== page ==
Jess Jackson was a force of nature. Anyone who knew him could tell you that. A big guy, he had shoulders like a fireplace mantel and a bold swath of white hair in his later years. He was charming and had a big heart, but at times could be mercurial and stubbornly private. He was driven and unashamedly competitive. He was also a self-made billionaire who started from scratch—less than scratch, really.
That's how I describe Jackson in "The House That Jess Jackson Built" for the Nov. 15 issue of Wine Spectator. Jackson, who created a wine empire around Kendall-Jackson wines, died in April 2011 yet his legacy looms large.
His company for the uninitiated is Jackson Family Wines, which includes 35 different brands that produce 5 million cases annually. Kendall-Jackson is by far the largest brand, with La Crema approaching it rapidly. Other key wineries include Arrowood, Matanzas Creek, Byron, Cambria, Lokoya and Yangarra from Australia.
Over the course of several months I sat down for a series of interviews with his wife, Barbara Banke, and family, winemakers and current and former executives of Jackson Family Wines. I tasted dozens of wines and toured wineries and vineyards.
I'm not a big navel-gazer, but it was among the more demanding stories I've written in 30 years in journalism. There was a love-hate relationship between Jackson and the California wine industry, and that's not something that's easy to navigate.
I met Jackson several times over the years but I have to say that I learned a lot about him researching the story. He was raised during the Great Depression, for example, and his family scraped to get by. He was just a kid when he started his first business, selling eggs and chickens at a trolley stop in San Francisco's working-class Inner Sunset district. He went on to be a successful San Francisco lawyer and later launched one of the most influential wine brands in California history.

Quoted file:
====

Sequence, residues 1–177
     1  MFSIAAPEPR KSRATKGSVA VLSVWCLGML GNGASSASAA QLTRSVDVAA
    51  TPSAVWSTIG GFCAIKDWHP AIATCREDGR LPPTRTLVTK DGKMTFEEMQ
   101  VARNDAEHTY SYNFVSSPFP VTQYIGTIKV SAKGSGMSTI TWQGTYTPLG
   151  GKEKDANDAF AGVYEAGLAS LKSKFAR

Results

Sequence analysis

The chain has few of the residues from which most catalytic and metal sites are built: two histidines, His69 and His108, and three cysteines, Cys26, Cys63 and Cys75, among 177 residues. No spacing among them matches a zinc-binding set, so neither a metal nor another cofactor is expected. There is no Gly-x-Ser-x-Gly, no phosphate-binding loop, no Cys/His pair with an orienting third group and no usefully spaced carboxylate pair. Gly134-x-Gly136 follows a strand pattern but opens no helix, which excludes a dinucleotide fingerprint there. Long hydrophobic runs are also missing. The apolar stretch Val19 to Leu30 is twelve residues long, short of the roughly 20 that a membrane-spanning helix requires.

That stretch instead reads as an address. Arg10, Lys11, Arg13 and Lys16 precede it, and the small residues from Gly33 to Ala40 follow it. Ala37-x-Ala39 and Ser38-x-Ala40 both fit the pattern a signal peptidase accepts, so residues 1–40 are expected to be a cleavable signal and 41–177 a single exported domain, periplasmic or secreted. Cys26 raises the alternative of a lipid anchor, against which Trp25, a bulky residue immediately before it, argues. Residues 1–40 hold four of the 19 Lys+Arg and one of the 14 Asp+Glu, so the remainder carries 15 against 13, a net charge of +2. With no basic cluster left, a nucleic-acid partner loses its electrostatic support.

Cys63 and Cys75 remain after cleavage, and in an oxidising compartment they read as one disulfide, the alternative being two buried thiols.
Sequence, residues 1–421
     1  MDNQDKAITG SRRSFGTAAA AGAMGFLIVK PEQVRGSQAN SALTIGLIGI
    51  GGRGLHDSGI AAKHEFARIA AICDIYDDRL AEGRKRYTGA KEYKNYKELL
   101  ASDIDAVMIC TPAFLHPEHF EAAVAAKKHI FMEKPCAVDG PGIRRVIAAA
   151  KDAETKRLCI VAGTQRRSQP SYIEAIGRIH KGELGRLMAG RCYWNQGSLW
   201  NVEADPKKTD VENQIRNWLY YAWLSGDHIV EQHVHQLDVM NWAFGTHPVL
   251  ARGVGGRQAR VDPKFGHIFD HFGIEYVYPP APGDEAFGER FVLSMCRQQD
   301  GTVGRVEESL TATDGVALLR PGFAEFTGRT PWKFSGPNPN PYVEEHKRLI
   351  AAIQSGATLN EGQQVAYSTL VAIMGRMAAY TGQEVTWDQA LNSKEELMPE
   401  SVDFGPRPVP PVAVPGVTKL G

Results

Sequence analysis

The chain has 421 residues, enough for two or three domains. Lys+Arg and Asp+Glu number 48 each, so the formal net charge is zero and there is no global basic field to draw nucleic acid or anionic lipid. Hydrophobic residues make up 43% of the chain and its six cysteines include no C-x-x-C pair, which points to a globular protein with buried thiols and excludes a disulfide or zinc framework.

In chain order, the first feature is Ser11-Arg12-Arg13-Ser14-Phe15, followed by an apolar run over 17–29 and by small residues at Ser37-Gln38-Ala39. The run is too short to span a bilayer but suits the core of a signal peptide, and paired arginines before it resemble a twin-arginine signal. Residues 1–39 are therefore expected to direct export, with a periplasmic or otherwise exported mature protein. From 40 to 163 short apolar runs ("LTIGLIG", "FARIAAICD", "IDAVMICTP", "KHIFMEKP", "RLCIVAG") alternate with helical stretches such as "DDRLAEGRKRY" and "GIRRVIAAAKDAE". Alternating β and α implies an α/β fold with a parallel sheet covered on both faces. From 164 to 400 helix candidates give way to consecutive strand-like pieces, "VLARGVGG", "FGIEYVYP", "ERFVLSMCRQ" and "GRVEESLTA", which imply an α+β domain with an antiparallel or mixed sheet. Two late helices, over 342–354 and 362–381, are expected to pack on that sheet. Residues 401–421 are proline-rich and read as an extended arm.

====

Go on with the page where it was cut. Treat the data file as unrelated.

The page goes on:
The company guards its privacy, not unusual for most private firms, but I was allowed uncommon access, and my goal was to write the most intimate portrait I could of Jackson and his company—past, present and future. It was a fascinating story for me to explore and I believe consumers and industry insiders will feel the same way when they read it.
What's your perspective on Jackson, his company and wines? If you knew Jackson, are there any memories you'd like to share? Any thoughts on the future of Kendall-Jackson and the other wineries? I'd also welcome any feedback on my article, "The House That Jess Jackson Built."